The Sepia-Tinted, Childhood-Shaped Room : Personal Essay

I was never a magician’s assistant, but sometimes in my fantasies I like to pretend I’m one.

We did not have a stage or fancy spotlights but we did have a dusty attic and the sunlight streaming through the mullioned windows and causing the dust motes to shimmer goldenly like pixies was magical enough.

And besides, we did have most of the props. My imaginary magician was always immaculately attired in his traditional black suit and top hat; and I in a gorgeous Victorian-inspired purple dress that was originally my mother’s and salvaged from a thrift store that she never found again.

But we never put up much of a show. For one, we did not have an audience, except ourselves. And two, I preferred the attic as the magician’s backstage room, with all the rosewood cabinets filled with strange and wonderful things.

​In fact our favourite prop was an ancient view master which we discovered inside a tattered cowboy hat and wrapped in a frayed cloth. At first we thought it must be a strange set of binoculars but then we found three circular cardboard reels, marked “Cinderella”, “Thumbelina” and “The Pied Piper Of Hamelin “respectively. After some more tinkering, we figured out how to work it, aligning the lens in the direction of sunlight and immersing ourselves in a sepia-tinted pleasure.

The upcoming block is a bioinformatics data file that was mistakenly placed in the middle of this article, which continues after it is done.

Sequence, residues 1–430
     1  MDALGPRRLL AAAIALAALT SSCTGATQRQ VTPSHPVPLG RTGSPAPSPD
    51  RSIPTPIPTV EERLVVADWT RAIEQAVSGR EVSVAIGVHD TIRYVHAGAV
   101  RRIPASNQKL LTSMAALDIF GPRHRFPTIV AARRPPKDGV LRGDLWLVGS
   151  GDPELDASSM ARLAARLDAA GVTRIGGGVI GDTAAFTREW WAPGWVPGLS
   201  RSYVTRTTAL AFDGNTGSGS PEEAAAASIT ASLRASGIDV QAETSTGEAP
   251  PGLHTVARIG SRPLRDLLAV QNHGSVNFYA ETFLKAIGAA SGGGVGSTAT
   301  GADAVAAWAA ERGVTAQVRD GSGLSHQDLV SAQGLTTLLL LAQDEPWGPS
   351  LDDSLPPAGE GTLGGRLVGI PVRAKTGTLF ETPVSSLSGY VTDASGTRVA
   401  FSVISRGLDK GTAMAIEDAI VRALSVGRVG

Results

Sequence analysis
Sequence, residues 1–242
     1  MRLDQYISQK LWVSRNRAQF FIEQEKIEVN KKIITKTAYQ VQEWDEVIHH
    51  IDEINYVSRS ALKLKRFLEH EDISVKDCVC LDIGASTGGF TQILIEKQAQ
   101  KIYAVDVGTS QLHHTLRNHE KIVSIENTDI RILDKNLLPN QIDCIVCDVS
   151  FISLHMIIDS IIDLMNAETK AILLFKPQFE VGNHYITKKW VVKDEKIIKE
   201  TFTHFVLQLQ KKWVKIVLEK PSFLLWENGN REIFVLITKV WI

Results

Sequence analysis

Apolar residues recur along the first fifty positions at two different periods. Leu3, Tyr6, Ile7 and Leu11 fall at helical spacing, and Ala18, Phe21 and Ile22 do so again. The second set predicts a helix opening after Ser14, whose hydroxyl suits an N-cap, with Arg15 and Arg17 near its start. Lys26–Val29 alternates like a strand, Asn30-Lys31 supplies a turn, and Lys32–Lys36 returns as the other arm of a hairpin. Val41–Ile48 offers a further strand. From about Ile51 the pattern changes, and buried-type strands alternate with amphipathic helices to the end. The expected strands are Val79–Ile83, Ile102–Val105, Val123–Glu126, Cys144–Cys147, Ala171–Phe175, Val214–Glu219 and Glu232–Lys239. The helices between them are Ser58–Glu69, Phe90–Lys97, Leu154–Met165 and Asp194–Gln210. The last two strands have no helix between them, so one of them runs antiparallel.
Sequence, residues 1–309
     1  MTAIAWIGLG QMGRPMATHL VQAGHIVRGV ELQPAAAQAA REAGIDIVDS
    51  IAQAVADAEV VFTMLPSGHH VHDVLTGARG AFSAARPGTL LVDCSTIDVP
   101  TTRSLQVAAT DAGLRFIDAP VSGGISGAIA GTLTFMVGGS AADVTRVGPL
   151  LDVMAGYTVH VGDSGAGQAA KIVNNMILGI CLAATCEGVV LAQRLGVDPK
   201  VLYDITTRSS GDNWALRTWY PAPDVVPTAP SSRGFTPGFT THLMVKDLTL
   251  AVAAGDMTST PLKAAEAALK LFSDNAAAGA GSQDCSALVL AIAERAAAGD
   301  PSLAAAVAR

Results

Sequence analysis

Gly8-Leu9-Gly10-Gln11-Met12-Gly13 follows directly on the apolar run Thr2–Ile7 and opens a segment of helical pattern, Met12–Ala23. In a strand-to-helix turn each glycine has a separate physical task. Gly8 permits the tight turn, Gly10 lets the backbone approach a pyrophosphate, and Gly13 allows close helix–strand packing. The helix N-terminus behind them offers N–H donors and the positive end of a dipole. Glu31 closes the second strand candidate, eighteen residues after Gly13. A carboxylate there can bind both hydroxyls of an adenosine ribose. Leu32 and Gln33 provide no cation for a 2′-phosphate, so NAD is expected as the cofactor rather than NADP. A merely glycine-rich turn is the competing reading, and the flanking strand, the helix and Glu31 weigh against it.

Each of those film reels narrated their fairytale via seven stills-seven pivotal moments recreated with crude hand-made, but at the same time, so beautifully done and intricately-detailed sets and clay tabletop models. I guess the closest thing to that, now, would be stop-motion animation.

At that point of time, back when Pluto was still a planet, I didn’t know how they were made or the science behind that magic, but I remember my younger self being enchanted by the sheer perfection of it all-the glimmering designs on Cinderella’s pumpkin carriage or the faery godmother’s silver wings, so akin to a dragon-fly’s.

There were certain images to which I’d return, over and over, like the favourite scenes from comic books. I could gaze for hours at Cinderella’s terror-struck face as the clock struck midnight, watch the mice slowly transform into white horses, or follow the Pied Piper as he led the mice, and later the children, through the city streets and the mountain roads, against a summer sky.

To me, each of those seven frames were miniature stories in themselves, self-contained and alive. I would imagine the conversations between the clay figurines, listen to Thumbelina sing to the wounded swallow, hear the river gurgle past and the silver fish dart and swim beneath the ripples.

There were also certain images I could never view properly-those that were damaged and tinged with a fluorescent green. But my imagination could always fill the gaps, provide a soundtrack of its own.
But we didn’t really need the music. The summer breeze was its own lullaby and the trees in our garden made sweet music. But sometimes, in an old cassette player, we would put on some Carpenter’s and drown in Karen’s ethereal voice and in the summer stillness.

Top Of The World was a personal favourite. Looking down at the world from a broken window pane was always an exhilarating experience. There was something infinitely dream-like and beautiful about retro love songs- a sense of sincerity, playfulness and earnestness. If there was one thing I could bring back from yesteryear it would be the love songs. They don’t make love songs like that anymore.